The very next day, I received a call from him inviting me to his house, and I visited him sometime in the afternoon. His interest in music and his memory amazed me as he started describing how he visualized one of the songs that he heard the previous day. It was late afternoon, and he was yet to have his lunch. I understood he's drunk, but he appeared perfect and very much in his senses. I told him that I would wait until he has his lunch. Within a few minutes, he returned with an egg omelette for me. I didn't refuse as I knew he prepared it just for me. It was too salty to consume, and when I was struggling with it, he joined me munching his omelette and said, "Too much salt, right? I don't have any more eggs left, else I would have made fresh ones". After spending some time discussing the script, I left following his assurance to contact me soon. The next day he called me for further talks, and we fixed a local club for the next meeting the same evening.
He ordered a few drinks and narrated his Mumbai cinema experiences. The modesty of the Popular singer Kishore Kumar, the friendliness of the great musician Salil Chowdhury, and the simplicity of the renowned actress Smita Patil. The humbleness of Kishore Kumar during recordings and the prowess of Salil Chowdhury to compose 'boatman' songs.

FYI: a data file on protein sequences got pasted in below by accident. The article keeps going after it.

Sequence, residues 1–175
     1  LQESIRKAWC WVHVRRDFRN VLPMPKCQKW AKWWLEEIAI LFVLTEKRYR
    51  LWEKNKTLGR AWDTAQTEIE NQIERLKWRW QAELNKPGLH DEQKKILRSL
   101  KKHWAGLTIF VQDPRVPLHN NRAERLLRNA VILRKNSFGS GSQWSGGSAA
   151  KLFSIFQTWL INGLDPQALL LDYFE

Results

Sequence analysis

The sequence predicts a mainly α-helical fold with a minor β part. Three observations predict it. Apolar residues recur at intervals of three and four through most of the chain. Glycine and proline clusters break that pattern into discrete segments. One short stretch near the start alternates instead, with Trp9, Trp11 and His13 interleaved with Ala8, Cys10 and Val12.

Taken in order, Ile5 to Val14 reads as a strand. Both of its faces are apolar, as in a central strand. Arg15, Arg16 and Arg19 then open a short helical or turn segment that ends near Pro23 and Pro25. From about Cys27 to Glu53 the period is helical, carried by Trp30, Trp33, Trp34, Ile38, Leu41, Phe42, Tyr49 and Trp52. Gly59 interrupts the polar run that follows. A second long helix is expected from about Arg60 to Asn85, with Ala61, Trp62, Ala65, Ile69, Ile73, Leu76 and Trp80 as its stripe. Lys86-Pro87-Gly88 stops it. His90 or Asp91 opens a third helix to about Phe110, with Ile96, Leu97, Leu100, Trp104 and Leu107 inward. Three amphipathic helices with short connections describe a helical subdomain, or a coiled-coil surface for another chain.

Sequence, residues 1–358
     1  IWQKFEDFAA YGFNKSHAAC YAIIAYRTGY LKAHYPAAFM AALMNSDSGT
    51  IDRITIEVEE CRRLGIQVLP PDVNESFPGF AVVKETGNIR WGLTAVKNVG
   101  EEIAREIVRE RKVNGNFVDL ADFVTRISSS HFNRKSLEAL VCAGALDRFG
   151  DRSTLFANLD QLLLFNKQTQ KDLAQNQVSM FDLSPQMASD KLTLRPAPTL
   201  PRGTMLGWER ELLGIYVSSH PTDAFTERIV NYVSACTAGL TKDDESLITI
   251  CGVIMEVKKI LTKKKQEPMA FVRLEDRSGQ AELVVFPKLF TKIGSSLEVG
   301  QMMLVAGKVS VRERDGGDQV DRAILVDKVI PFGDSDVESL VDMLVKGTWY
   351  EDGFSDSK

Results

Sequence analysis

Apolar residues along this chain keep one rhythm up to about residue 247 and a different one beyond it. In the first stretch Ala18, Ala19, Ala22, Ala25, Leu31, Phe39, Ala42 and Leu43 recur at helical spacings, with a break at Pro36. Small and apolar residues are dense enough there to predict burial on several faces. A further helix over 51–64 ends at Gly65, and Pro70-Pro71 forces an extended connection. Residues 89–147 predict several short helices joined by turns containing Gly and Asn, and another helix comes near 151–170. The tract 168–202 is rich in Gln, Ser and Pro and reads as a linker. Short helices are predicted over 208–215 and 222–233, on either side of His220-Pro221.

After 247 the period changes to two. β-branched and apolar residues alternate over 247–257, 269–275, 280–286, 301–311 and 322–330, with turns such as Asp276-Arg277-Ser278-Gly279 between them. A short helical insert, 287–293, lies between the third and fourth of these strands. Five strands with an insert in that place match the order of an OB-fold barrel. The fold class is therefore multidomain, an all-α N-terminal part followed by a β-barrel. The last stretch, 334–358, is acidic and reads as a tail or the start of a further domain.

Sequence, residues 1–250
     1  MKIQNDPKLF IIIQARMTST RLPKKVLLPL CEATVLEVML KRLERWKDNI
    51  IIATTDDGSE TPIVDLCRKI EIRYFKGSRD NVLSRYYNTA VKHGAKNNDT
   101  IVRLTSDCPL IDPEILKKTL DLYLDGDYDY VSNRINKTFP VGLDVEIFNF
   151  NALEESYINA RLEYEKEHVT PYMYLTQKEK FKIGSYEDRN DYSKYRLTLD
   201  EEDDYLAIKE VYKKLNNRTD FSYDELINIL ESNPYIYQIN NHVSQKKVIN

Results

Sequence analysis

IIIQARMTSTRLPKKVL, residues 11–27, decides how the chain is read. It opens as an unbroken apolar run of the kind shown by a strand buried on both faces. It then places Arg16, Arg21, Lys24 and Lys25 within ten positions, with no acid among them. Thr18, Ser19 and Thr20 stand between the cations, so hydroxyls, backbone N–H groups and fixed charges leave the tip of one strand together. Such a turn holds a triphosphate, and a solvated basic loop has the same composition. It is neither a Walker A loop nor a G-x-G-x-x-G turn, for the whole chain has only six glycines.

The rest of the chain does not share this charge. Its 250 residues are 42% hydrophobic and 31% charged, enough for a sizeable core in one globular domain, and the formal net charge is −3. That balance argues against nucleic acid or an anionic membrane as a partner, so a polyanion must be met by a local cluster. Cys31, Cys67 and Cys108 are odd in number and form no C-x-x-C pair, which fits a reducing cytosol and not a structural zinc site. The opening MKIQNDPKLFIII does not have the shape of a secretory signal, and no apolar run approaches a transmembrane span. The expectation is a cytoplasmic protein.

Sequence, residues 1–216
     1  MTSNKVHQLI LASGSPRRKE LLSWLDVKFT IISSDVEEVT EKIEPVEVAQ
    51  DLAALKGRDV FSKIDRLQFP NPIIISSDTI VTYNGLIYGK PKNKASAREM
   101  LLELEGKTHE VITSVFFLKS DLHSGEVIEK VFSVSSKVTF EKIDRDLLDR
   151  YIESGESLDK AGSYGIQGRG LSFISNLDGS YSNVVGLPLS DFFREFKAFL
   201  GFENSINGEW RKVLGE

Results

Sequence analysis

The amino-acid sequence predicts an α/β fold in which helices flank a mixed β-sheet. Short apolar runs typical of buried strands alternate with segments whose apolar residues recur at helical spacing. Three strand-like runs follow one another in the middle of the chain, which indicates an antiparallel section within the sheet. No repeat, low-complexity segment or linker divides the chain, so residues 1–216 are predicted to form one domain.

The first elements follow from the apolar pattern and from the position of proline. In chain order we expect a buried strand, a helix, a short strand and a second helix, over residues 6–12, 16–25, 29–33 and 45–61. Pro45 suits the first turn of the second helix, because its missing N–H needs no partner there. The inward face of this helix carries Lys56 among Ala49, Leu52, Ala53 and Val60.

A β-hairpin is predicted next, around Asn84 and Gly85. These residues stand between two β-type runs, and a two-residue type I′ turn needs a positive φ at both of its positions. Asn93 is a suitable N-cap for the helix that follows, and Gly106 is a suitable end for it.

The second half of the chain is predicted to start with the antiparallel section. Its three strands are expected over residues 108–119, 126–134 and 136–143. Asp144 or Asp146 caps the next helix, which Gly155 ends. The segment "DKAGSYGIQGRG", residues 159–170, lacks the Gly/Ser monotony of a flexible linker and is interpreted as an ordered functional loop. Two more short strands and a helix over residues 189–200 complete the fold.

He respected and appreciated me for being a teetotaller, and never did he behave drunk with me. I reminded him that it's getting too late and offered to drop him at his house. On the way back, he asked, "Anuj, which is your most favourite song? ". I replied that it's a tough question as I have so many favourites." My favourite English song is, 'Still I'm Sad' by Boney M", he said. After a pause, he continued, "Do you know 'Chingari Koi Bhadke'?". I said, "Yes, I love that song." He asked, "Can you sing it ? "and I replied, " Sorry, I have never tried it". Again after a pause, he said, "Please hum it ". I hummed the tune in its original pitch, and he started singing along in a feeble voice. I drove listening to his rendition, which was indeed beautiful. He remained quiet after that, and I dropped him home at about midnight.